The Canadian dollar fell sharply in the last 24 hours. Bank of Canada Governor Poloz suggested that "the Canadian economy is carrying untapped potential that could prolong the expansion without causing inflation pressures." His comments suggested that the BoC was more likely to remain on hold after hiking rates three times since last year. As markets had priced in more rate hikes this year, both the Canadian dollar and Canadian bond yields fell following his announcement. The Canadian dollar is the worst performing major currency this year, and is down almost 3% against the US dollar in 2018. We downgraded our short-term outlook on the Canadian dollar in late February. Since March 6, we have also downgraded our medium-term outlook on the Canadian dollar to bearish.
Between tough NAFTA negotiations, weakness in crude oil prices, a slowing economy and (now) a weaker outlook for rate hikes, the Canadian dollar is likely to keep weakening. Given significant government and consumer debt, Canada is also one of the world's most indebted countries. A recent report from the Bank for International Settlements suggested that the country faces a significant risk from a banking crisis in the future. There are no significant developments relating to NAFTA talks. Our short-term and medium-term outlook remains bearish.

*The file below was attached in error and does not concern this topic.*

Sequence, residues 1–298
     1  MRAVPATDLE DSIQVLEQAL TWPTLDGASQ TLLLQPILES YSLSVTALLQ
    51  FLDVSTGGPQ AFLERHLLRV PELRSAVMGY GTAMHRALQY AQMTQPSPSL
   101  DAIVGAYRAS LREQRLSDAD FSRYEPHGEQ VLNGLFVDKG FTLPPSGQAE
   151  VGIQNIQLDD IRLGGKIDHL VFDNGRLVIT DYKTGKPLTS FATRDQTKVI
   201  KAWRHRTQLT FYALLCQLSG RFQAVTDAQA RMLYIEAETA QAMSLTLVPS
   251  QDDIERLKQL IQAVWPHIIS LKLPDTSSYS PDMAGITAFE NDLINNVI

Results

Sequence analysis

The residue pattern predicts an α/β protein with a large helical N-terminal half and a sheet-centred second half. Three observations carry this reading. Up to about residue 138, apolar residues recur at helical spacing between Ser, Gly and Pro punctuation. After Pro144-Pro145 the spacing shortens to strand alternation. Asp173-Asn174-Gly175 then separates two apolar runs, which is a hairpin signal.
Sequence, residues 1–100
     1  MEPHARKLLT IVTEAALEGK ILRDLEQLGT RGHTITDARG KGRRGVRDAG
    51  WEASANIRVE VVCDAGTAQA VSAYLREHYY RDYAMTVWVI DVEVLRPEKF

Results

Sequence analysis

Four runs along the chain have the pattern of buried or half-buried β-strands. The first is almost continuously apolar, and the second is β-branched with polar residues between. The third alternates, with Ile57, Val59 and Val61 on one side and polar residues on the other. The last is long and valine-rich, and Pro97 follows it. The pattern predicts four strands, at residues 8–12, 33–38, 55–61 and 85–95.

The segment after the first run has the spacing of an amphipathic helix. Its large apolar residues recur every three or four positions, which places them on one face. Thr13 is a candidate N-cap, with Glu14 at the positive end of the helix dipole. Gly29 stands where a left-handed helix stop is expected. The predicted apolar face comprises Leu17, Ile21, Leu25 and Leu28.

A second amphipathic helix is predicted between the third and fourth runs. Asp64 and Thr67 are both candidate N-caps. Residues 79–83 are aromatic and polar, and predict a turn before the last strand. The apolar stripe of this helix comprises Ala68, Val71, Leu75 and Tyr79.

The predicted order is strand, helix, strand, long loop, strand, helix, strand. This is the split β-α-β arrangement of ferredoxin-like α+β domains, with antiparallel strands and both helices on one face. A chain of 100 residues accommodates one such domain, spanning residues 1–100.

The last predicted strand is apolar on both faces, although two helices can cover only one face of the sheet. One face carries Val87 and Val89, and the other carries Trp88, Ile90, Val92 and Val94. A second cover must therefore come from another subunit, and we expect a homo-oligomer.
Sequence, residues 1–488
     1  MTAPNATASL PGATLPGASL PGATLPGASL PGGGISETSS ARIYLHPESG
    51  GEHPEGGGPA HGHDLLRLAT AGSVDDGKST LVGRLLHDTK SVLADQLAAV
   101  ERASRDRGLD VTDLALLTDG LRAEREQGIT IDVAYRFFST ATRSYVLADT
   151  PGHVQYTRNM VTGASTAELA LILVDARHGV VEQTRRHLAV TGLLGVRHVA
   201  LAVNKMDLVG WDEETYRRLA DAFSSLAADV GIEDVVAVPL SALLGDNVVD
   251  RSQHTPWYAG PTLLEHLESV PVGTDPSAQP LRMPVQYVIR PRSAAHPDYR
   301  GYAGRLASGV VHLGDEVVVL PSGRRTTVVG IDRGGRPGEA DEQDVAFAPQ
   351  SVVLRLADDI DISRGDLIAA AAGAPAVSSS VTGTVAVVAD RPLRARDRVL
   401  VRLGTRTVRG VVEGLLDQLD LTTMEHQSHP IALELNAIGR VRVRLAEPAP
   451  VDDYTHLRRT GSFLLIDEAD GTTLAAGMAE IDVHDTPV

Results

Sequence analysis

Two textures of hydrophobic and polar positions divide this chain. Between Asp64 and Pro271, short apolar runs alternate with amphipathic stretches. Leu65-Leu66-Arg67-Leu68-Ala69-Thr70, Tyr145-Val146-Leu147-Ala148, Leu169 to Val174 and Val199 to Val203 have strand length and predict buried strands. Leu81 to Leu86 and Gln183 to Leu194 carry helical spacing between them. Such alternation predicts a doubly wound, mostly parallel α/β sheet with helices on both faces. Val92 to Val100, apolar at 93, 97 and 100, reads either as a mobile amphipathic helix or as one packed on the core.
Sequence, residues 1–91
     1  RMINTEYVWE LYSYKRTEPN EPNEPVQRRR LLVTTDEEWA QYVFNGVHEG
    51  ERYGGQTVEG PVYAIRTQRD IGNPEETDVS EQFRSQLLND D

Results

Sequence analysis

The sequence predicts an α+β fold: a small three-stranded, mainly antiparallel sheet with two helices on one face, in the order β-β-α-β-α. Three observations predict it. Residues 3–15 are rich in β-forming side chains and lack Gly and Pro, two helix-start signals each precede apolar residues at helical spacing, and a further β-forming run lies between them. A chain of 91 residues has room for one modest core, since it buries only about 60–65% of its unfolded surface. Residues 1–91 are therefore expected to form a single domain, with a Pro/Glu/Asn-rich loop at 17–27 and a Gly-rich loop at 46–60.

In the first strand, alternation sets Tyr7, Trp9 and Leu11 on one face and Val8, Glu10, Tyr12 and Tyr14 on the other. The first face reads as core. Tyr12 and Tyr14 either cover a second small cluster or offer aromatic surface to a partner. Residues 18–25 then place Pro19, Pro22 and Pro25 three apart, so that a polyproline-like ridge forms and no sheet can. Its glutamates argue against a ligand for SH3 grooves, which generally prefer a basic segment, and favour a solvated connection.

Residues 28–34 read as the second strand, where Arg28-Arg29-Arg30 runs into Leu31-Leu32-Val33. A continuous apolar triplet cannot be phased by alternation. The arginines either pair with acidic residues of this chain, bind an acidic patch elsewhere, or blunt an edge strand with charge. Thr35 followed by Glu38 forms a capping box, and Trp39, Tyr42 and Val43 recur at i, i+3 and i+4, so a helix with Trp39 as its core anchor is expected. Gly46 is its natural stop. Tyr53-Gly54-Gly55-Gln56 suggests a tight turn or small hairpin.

The USD/CAD exchange rate is currently above 1.2940. The euro is down against the Canadian dollar, with EUR/CAD currently above 1.60. The pound is flat against the Canadian dollar, with GBP/CAD trading above 1.8060.
This is a very light week for Canadian economic data. BoC Governor Poloz suggested a more dovish outlook in a speech earlier this week. Tomorrow, we'll see ADP employment changes. On Friday, we'll see Canadian portfolio investments in foreign securities and foreign portfolio investments in Canadian securities. This week's data releases do not tend to have a meaningful impact on the currency. Last week, changes in employment were lower than expectations.